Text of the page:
With Joe Biden in the White House, 2021 could be the year the world embraces net zero: but universities still have work to do to turn a trendy phrase into meaningful action to halt the climate crisis.
If it weren’t for Covid-19, the annual UN climate conference would be taking place right now in Glasgow. As it is, that meeting has been rescheduled to November 2021 and the UK government, as host, still seems to be casting around for the big theme. But with the US joining all other G7 countries aiming for net zero emissions or Xi Jinping committing China to carbon neutrality by 2060, hundreds of companies joining the ‘Race to Zero’, the answer is increasingly obvious: this is the Year of Net Zero.
Is this the beginning of the end of the climate crisis? Let’s hope it is at least the end of an agonisingly protracted beginning. But to stick with the Churchillian analogies, wars aren’t won by evacuations, and global warming won’t stop with declarations – particularly declarations about an ill-defined target 30 years off in the future. How many of the countries, companies and cities committing to net zero have thought through exactly what it means beyond an ambitious-sounding climate goal?
That said, in these gloom-ridden times, we must remind ourselves there is a lot to celebrate here. Only 15 years ago, I gave a talk highlighting the need to limit cumulative carbon emissions – and hence achieve net zero to stop global warming – at “Stabilisation 2005”, a workshop convened by Tony Blair.
At that time, the goals of climate policy were very different. The clue is in the workshop name: stabilisation of greenhouse gas concentrations at a level that would prevent dangerous climate change, and contraction and convergence of emissions per person to whatever rate that implied.
The problem in 2005 was that climate science was, and still is, struggling to pin down a “safe” stabilisation concentration. It turns out that the long-term warming resulting from a given concentration of carbon dioxide in the air is worryingly uncertain. But much more certain is the response to cumulative emissions. Every tonne of carbon dioxide we emit causes approximately the same amount of warming as every other tonne, unless it is scrubbed out again. Which means the long-term sustainable rate of net emissions of carbon dioxide that we have to contract and converge to is… zero.
The world looks very different now, and while everyone tends to focus on historically high- emitting western countries, most of the credit for the change should go elsewhere. For the UK to increase the ambition of our climate targets from the 80% reduction agreed in 2008 to 100% now was a big deal, but in a sense it was more of the same (although that final 20% will prove particularly interesting). For China and India to accept, in the Paris Agreement, that the 250-year-old practice of dumping carbon dioxide into the atmosphere was going to have to come to an end, only a few short decades after they had joined the ranks of carbon-dioxide-dumpers, was absolutely transformative.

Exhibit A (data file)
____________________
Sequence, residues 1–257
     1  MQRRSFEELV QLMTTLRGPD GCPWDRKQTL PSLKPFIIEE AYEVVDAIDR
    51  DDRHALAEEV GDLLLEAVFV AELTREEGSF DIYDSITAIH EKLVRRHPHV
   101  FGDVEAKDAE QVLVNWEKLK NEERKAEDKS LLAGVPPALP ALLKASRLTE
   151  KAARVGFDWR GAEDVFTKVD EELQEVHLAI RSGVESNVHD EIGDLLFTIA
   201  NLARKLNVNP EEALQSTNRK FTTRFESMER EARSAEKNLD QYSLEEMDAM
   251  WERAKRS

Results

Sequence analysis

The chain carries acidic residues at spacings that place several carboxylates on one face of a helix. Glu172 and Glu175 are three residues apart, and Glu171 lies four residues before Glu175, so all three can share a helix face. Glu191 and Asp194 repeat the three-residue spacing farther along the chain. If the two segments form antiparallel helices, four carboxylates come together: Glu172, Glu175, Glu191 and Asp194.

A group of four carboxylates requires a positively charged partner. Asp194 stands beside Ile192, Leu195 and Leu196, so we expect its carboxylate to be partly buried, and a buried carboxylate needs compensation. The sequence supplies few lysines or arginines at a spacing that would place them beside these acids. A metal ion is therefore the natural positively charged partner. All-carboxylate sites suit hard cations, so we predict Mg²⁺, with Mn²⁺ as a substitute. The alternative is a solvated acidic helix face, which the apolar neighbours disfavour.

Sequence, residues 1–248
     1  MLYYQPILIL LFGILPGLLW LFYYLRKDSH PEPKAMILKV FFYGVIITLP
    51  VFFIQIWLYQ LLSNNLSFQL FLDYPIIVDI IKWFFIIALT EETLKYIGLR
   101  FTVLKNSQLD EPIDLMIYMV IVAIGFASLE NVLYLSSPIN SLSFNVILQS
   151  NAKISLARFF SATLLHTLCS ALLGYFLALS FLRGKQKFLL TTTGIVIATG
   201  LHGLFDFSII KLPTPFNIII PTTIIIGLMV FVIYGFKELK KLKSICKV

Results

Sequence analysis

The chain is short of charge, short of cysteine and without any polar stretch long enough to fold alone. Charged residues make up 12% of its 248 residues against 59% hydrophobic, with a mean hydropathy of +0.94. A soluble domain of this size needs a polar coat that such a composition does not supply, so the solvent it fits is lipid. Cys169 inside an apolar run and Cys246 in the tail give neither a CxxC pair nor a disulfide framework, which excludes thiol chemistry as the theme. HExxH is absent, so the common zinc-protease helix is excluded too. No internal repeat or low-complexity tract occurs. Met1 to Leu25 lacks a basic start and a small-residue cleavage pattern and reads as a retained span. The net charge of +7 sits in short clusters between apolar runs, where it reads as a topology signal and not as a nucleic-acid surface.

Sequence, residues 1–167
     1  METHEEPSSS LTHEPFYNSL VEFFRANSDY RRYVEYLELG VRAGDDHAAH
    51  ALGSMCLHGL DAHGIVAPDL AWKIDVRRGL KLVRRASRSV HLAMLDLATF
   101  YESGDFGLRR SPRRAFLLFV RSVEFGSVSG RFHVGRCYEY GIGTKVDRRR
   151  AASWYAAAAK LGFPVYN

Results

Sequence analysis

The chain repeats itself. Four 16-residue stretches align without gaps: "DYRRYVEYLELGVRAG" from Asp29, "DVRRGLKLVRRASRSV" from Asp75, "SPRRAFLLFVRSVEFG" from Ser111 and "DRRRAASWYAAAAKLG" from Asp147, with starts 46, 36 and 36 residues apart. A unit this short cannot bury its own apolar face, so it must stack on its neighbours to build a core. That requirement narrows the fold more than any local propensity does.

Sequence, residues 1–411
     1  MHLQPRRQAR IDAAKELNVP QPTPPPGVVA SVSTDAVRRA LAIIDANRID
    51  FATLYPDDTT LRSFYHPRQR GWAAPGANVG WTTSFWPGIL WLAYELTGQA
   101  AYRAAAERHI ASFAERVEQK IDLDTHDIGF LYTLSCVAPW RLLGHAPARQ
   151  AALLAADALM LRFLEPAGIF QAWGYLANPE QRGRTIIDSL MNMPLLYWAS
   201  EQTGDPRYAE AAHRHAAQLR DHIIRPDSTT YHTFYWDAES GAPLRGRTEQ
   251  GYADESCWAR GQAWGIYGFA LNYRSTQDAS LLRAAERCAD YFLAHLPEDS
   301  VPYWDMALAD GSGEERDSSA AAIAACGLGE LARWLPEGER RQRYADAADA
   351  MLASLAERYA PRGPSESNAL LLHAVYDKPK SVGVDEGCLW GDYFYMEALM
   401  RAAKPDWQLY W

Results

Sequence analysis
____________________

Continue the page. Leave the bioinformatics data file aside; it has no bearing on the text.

But there is still a lot to be done, including by the world’s universities helping everyone understand what net zero means, and what it will take to get there. The net in net zero is an acknowledgment that we need to stop global warming before the world stops generating greenhouse gas emissions. But how much of the work should it do? And which emissions should we be netting out? Is planting trees to enable your customers to “drive carbon neutral”, for example, the best use of the limited carbon capacity of the biosphere? Oxford Net Zero is a four-year initiative, launching today, to help the world achieve net zero: we will focus not on the immediate challenge of bending the emissions curve downwards, important though that is, but on the end-game. The last 20% of emissions that arise from activities so valuable that no conceivable carbon price will squeeze them out. How we balance, and govern, the drive to reduce emissions with the inevitable need to take carbon dioxide back out of the atmosphere. It’s a many-faceted challenge, and this support from the Strategic Research Fund is allowing us to bring together colleagues from Geography, Earth Sciences, Zoology and Plant Sciences, Anthropology, Physics, Law, Government and Business to address it in a coherent way.
Many of the issues we’ll be thinking about will be coming close to home, as the University is also stepping up with an ambitious new Sustainability Strategy, currently out for consultation: make sure to have your say: https://sustainability.admin.ox.ac.uk/consultation
Above all, Oxford Net Zero is about how we balance the needs and interests of different regions of the world today, and between present and future generations, through this great transition. Having played our part in defining this challenge, we now want to step up to help everyone meet it.
School of Geography and the Environment & Department of Physics, University of Oxford
Director, Oxford Net Zero